National Geographic : 1929 Sep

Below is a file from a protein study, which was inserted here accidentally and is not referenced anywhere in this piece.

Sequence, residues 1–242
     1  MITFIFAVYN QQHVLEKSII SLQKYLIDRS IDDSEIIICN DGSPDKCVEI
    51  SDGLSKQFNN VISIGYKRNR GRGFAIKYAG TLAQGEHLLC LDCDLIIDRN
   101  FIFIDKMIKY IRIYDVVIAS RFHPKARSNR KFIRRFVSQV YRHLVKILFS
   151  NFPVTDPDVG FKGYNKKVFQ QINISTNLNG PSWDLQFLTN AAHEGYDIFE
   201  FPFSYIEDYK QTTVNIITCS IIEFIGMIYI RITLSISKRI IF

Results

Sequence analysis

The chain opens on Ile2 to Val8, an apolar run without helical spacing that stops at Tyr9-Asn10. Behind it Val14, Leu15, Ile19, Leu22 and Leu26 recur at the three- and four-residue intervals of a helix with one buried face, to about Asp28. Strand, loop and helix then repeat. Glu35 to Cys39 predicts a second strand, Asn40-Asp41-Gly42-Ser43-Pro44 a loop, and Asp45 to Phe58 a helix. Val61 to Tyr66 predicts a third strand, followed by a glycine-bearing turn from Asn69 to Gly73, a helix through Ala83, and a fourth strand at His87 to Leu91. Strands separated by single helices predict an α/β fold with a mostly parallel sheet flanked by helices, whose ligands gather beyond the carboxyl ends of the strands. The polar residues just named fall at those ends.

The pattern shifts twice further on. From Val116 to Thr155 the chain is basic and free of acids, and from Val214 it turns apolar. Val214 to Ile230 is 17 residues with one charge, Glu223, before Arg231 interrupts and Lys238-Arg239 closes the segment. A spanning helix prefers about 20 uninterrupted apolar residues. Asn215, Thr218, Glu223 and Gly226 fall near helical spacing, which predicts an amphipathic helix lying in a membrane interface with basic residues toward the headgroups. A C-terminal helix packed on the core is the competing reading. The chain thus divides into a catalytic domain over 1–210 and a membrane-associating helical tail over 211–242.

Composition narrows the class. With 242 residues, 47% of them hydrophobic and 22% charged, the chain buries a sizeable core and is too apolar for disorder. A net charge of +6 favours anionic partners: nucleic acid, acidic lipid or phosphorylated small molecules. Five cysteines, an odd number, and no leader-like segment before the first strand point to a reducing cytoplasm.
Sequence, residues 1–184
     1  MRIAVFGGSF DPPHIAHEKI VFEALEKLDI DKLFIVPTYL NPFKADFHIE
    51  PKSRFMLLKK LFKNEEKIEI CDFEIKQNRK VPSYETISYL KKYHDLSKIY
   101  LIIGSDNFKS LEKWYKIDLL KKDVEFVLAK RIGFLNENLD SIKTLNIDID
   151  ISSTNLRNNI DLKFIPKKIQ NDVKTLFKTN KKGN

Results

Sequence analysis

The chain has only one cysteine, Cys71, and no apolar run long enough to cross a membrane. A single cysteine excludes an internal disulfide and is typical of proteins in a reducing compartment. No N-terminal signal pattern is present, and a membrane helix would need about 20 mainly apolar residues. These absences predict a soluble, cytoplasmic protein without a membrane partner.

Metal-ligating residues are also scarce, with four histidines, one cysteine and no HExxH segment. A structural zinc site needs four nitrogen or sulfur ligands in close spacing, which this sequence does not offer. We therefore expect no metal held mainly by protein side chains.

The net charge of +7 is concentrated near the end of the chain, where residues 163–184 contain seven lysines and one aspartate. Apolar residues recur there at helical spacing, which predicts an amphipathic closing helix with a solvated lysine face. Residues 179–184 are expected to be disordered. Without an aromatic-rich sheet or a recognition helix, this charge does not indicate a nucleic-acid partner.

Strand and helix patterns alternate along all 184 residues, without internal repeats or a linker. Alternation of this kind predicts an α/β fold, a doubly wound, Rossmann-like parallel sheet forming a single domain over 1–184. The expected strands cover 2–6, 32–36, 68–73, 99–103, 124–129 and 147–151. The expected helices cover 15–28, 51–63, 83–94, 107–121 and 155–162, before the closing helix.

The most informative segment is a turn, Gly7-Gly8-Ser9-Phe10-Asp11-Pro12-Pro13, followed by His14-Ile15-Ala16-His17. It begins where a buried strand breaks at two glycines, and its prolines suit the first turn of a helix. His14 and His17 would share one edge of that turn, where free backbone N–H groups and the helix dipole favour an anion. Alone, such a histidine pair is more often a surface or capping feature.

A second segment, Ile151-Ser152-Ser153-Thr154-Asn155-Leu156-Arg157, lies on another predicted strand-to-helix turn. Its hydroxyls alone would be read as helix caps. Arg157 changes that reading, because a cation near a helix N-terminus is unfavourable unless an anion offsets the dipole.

INTO PRIMEVAL PAPUA BY SEAPLANE Photograph by Dr. E. W. Brandes WUSSI RIVER MEN COLLECT CANE FOR THE EXPEDITION Because these natives were in contact with German traders and officials when, in pre-war days, Germany controlled North East New Guinea, they speak a few words of German. They call small coins "marks." This man, Jarep by name, had been over the line in Dutch New Guinea and had associated for years with a band of Malay bird-of-paradise hunters. Peck is quite proficient in Malay; so we gave up grunts and signs for a basis of real under standing. With what delight the other Negritos welcomed this opportunity to get a tangi ble explanation of our presence there and to exchange ideas! We learned the native names of villages, rivers, and individuals; of their constant dread of the bad men below, and the reasons for their peculiar styles of architecture, together with much of historical interest. Jarep said that when our "great hawk" appeared over his village all the people immediately concluded that their last hour had arrived and they would soon be eaten. They pitched themselves violently on the ground and buried their faces in the earth. It was only after they had recovered that we saw them paddling across the river for dear life, with pigs and women aboard. We talked until about 10:30, and learned that another village, which we had sighted from the air, was within walking distance. So, with the promise of an escort to con duct us to it on the morrow, we turned in with a feeling of complete security in the land of our new friends. The natives re paired to the trees, from which we heard, during our periods of wakefulness, the sound of drums and eager, excited voices until the sun rose. TREE VILLAGE IS PROTECTED BY HURDLES Champion and I started through the jungle next morning, leaving Peck to guard the seaplane. We followed a well marked trail and were accompanied by 15 or 20 of the little men, who rushed ahead to break down branches, bend saplings aside, and clear the path, for we were so much larger than the people who cus tomarily used it. They kept up a chat ter and smilingly beckoned us on when they stopped to bend down a sapling. Photographs by Dr. E. W. Brandes BRAVE MISSIONARIES IAVE PUSHED THEIR PERILOUS PATH INTO DARK NEW GUINEA It was here, at Marienberg Mission, 60 miles up the Sepik River, that the Expedition met the steamer Franklyn. Father F. J. Kirschbaum, who founded this mission, accompanied the author and Aviator Peck to the foothills of Victor Emanuel Range.